Caroline Klein Simon fought for gender and racial equality and made the first laws against real estate brokers using “blockbusting” tactics to force sales of homes. Finding after she graduated NYU Law School in 1925 that no one would hire a married Jewish woman lawyer, Simon volunteered for the League of Women Voters and the National Council of Jewish Women, among other organizations. She successfully led campaigns to place women on juries and reform the Women’s Court of New York, ensuring that people could only enter the court if they had legitimate business, not just to leer at women in trouble. In 1935, she finally found paid work as executive director of the New York State Council of Jewish Women and in 1939 became editor of the Birth Control Review. In 1945, she became the only woman member of the State Commission Against Discrimination, helping draft state laws, and she was named to the State Youth Commission in 1956. In 1959, she became Secretary of State of New York, where she continued her efforts to prevent racial and gender discrimination. In 1963, she was appointed a judge of the New York Court of Claims, serving for eight years.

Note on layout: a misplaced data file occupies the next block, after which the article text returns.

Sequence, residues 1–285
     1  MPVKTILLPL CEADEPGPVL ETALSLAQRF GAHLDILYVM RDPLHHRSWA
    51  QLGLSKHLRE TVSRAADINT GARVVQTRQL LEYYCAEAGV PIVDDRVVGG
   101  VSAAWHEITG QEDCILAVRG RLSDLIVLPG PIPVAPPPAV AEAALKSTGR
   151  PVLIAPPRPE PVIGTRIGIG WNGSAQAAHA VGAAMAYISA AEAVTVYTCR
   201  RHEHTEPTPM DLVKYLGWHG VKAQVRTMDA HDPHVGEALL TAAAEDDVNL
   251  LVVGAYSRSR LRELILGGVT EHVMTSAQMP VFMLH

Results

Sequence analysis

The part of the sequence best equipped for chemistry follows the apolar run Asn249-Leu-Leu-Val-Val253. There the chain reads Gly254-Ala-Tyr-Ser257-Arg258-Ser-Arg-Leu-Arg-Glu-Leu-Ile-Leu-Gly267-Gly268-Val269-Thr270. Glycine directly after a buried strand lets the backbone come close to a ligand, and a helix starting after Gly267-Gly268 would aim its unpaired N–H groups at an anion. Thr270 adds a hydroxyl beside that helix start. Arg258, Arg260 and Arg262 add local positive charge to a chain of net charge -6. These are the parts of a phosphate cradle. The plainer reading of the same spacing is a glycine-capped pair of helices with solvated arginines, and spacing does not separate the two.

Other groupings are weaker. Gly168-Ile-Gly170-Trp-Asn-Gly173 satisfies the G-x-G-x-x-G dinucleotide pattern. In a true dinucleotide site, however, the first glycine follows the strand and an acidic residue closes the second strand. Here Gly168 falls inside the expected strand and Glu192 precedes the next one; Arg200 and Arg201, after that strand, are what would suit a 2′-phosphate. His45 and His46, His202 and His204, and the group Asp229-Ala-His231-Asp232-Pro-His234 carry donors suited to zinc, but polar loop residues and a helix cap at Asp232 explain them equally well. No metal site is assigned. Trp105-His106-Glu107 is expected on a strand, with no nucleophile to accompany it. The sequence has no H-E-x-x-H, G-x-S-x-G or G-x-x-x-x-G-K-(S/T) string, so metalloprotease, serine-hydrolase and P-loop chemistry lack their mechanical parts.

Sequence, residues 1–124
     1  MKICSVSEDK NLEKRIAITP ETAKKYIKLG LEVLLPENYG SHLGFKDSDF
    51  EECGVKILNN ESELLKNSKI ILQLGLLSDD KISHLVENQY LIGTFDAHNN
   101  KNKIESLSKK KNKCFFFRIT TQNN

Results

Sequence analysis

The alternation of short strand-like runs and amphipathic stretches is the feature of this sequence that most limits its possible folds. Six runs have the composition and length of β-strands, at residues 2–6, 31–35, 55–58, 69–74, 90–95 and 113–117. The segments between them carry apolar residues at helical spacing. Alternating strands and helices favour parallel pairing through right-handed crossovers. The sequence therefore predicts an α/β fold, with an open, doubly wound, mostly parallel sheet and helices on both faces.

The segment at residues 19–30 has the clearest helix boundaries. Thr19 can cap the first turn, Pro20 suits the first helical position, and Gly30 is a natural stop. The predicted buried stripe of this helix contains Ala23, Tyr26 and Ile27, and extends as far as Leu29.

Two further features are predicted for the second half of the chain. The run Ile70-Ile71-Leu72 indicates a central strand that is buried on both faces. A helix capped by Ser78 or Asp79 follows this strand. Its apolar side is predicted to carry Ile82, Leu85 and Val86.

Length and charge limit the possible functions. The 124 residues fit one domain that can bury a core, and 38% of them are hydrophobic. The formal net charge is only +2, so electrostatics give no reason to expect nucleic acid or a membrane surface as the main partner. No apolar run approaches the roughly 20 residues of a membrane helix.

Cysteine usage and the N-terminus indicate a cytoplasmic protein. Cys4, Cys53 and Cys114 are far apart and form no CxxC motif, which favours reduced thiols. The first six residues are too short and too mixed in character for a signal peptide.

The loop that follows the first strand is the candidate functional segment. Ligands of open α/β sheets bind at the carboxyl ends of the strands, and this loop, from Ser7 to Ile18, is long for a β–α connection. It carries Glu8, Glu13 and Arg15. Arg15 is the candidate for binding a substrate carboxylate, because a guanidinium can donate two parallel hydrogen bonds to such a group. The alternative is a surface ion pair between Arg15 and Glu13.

How to cite this page
Jewish Women's Archive. "Caroline Klein Simon." (Viewed on August 26, 2019) <https://jwa.org/people/simon-caroline>.